It must be noted that in some instances Muslims have tried to protect their Christian neighbours from extremist elements of Islam; yet, despite these honourable acts, Christians in the Middle East continue to suffer greatly. Both Muslims and Christians suffer much at the hands of those who unconscionably choose to use religion as a justification for violence.

Catholics and Muslims in Canada

The Canadian Conference of Catholic Bishops (CCCB) is represented on the National Muslim Christian Liaison Committee (NMCLC).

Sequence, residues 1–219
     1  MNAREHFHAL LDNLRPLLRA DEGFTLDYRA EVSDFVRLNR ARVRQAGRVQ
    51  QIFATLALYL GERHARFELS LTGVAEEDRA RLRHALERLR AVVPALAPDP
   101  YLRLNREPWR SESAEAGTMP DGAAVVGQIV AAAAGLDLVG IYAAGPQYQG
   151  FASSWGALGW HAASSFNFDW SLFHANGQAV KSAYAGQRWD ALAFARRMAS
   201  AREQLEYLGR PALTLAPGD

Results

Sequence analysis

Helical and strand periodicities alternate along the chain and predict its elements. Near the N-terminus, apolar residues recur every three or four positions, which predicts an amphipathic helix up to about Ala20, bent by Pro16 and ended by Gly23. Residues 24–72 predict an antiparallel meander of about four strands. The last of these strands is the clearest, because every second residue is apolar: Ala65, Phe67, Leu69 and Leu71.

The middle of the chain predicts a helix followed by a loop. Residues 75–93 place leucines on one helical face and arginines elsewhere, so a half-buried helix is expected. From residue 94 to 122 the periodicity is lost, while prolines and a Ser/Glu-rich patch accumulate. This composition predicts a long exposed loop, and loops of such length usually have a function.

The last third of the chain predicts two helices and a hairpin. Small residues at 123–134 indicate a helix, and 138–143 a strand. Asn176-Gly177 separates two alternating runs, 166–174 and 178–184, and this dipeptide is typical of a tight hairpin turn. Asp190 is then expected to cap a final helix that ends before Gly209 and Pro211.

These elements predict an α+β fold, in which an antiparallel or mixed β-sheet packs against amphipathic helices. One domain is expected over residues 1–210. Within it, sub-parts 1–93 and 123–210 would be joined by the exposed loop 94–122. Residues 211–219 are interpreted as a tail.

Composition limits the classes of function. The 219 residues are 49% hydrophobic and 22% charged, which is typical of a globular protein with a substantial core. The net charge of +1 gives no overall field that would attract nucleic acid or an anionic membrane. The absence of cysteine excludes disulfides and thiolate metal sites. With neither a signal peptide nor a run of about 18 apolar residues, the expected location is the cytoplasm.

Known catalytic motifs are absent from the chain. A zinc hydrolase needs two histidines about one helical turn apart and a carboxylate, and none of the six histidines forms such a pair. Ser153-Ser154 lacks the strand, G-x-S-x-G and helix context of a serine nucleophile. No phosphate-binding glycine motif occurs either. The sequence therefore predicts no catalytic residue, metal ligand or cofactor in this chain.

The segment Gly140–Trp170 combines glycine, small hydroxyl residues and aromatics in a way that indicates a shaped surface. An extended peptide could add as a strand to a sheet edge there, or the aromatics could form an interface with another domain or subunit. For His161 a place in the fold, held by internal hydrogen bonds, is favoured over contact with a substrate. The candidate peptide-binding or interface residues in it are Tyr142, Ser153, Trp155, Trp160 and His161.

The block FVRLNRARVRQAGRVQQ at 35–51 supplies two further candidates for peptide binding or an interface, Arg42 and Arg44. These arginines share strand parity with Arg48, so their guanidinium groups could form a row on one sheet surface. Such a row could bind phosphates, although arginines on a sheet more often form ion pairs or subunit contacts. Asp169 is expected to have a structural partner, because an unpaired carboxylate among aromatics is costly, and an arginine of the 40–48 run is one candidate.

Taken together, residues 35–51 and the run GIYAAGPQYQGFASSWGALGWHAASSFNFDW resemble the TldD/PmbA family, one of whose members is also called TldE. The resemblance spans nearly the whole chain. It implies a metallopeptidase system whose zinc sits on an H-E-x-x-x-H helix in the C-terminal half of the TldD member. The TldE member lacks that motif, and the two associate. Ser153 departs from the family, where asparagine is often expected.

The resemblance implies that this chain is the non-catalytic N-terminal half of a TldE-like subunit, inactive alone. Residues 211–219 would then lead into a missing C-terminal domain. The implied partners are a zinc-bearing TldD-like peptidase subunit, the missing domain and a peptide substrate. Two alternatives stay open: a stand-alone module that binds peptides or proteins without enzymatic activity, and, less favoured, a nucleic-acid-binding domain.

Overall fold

Formed over 15 years ago, this Committee has aspired to bring together several Muslim and Christian national organizations to dialogue together as people of faith in Canada.

In the past, the NMCLC has taken on projects such as “Families Meeting Families,” in which Muslim and Christian families were paired and invited to get to know each other and their faiths through social interaction. One of the most successful programs has been the Recognition Dinner, in which a Muslim and a Christian are recognized for their contribution in furthering understanding between Muslims and Christians. Most recently in March 2015 the NCMLC hosted a public event entitled: “Decisions in End of Life Care- Christian and Muslim Perspectives.”

This leaflet is also available in English and in French as a free download in PDF format from www.cccb.ca